“I don’t have the numbers handy, but if you compare New Hope (next door and almost exactly our same size) there should be a noticeable difference in our percentage of land use,” he said. While Crystal sees a net loss of about 6,900 commuters, the data show, New Hope gains about 1,240.
With proximity to jobs in Minneapolis, Plymouth and Maple Grove, Crystal is a very convenient place to live for many. And for many, Kolb wrote, Crystal is in the “goldilocks zone” — “not too suburban (our streets intersect at right angles) but not too urban (you still get a backyard and a garage).” Furthermore, he wrote, the city has retained a small town feel despite its proximity to the big city and easy access to major thoroughfares.
Sleeping in the exurbs, working elsewhere
Today, many bedroom communities are located in the exurbs, where a large share of the resident population commutes into the cities or larger suburbs for work.
These are places like Carver, in Carver County, a historic exurban town of about 4,600 on the Minnesota River that’s seen population growth in recent years. It has a lovely main street, but not a lot of its residents work there.
Carver sees a net loss of about 1,660 commuters each day, largely to nearby Chaska, Shakopee, Minneapolis, Eden Prairie and Bloomington, the Census survey data show.
Elko New Market, on the southern fringe of Scott County, would also likely make a list of Twin Cities bedroom communities.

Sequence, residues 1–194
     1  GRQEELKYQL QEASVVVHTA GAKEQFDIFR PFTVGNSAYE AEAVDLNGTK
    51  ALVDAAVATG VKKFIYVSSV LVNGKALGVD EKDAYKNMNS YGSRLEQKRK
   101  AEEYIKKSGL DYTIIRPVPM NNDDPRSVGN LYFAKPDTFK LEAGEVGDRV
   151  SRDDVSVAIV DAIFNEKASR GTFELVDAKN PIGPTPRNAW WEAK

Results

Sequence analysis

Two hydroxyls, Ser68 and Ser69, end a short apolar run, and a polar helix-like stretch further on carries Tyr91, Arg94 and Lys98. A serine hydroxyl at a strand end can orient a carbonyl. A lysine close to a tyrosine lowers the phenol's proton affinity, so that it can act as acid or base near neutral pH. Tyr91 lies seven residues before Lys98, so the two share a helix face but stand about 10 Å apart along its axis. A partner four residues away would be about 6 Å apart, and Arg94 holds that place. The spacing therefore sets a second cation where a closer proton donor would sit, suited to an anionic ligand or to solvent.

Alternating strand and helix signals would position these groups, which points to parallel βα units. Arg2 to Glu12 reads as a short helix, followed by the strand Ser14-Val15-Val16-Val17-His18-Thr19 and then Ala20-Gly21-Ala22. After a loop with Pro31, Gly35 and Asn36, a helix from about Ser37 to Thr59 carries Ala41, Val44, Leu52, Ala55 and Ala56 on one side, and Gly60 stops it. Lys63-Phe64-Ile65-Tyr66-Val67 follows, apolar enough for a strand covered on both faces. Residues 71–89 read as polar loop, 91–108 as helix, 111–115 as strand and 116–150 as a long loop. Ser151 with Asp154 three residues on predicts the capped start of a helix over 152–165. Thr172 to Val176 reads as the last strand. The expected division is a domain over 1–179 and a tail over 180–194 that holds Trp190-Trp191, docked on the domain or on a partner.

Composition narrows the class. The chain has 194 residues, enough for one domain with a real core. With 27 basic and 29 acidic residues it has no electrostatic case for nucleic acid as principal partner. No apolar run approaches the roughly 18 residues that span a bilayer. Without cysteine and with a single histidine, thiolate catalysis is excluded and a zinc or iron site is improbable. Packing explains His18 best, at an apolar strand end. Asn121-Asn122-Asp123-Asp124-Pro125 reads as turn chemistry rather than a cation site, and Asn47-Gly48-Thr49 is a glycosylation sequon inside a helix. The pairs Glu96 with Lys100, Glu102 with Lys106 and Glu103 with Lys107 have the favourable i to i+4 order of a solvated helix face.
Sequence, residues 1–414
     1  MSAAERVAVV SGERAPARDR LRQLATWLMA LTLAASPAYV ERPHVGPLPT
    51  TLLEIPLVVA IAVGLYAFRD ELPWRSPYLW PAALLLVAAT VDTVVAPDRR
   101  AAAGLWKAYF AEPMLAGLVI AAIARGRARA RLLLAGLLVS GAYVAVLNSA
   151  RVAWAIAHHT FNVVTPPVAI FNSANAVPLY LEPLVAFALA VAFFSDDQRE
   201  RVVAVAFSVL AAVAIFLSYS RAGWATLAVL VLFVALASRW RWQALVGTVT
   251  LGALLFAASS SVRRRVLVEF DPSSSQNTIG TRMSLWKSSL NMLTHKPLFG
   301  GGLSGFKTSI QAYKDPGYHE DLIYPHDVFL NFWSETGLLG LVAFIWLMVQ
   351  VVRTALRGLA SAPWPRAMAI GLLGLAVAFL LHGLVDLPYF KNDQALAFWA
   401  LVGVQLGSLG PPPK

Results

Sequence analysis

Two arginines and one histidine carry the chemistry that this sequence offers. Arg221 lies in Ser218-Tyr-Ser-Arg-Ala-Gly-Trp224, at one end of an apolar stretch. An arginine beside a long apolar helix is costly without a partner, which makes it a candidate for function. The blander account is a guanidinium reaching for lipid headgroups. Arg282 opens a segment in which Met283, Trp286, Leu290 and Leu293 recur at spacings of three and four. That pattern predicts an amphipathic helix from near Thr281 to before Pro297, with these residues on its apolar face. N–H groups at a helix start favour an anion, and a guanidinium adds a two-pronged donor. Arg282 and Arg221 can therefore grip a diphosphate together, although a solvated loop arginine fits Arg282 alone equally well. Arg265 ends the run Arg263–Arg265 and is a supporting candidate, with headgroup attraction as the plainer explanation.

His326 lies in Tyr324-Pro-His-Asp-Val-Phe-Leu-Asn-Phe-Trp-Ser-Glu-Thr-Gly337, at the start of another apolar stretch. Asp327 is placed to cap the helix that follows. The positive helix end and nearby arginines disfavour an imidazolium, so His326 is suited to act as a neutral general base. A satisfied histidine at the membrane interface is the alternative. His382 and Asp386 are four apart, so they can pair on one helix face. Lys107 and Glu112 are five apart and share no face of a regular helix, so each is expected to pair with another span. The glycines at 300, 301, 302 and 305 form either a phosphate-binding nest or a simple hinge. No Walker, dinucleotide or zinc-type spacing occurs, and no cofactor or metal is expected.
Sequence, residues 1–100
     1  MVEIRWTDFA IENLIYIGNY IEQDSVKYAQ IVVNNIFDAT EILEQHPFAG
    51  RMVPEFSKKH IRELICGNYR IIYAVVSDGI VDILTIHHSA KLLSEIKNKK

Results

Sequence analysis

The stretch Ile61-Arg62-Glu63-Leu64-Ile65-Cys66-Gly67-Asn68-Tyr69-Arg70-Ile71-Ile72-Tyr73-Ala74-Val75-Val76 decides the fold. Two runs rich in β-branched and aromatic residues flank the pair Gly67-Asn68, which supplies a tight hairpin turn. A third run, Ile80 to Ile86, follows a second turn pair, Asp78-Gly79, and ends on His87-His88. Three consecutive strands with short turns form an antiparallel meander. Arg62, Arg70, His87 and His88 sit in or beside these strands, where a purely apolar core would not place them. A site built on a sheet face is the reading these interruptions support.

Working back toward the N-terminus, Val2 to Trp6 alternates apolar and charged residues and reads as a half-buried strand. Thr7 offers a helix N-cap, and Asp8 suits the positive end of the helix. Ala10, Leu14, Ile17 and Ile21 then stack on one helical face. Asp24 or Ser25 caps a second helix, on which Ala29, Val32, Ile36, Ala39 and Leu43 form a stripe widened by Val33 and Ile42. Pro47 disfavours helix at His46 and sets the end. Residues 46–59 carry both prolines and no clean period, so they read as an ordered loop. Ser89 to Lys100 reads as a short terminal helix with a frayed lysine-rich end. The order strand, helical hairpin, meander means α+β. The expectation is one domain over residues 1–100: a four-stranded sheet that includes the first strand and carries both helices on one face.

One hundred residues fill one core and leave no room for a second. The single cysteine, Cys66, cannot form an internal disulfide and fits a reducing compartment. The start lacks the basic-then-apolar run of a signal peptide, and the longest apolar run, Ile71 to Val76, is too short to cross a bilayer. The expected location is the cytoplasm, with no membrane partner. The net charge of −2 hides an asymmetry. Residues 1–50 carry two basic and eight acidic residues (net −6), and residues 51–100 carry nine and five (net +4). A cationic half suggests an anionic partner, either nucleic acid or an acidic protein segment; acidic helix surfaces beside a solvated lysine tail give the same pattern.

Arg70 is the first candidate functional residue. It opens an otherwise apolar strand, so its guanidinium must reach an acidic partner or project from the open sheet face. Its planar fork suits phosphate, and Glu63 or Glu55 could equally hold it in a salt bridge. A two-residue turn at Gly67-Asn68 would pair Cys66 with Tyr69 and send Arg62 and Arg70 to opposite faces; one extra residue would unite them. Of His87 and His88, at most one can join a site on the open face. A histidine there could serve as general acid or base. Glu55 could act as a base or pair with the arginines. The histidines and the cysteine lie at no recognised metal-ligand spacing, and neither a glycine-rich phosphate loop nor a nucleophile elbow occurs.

This town of about 4,600, 30-or-so miles south of Minneapolis and home to Minnesota’s only NASCAR track, saw a net loss of about 1,950 commuters. Most Elko New Market commuters head to south and western Twin Cities suburbs like Bloomington, Burnsville, Lakeville, Shakopee and Savage, the data show.
On the banks of the St. Croix River in Washington County, more of Lake St. Croix Beach’s 1,100 residents leave for work than the city attracts, the data show: The city sees a net loss of 520 workers, and many residents commute to work in St. Paul, Woodbury, Stillwater, Minneapolis and Bayport, the data show.
Some of these exurban communities have seen rapid population growth in recent years, suggesting that while St. Paul isn’t looking to become a bedroom community, the idea of living in a largely residential city isn’t distasteful to everyone.
Correction: This article previously incorrectly identified the location of Cargill's corporate headquarters. It is located in Minnetonka.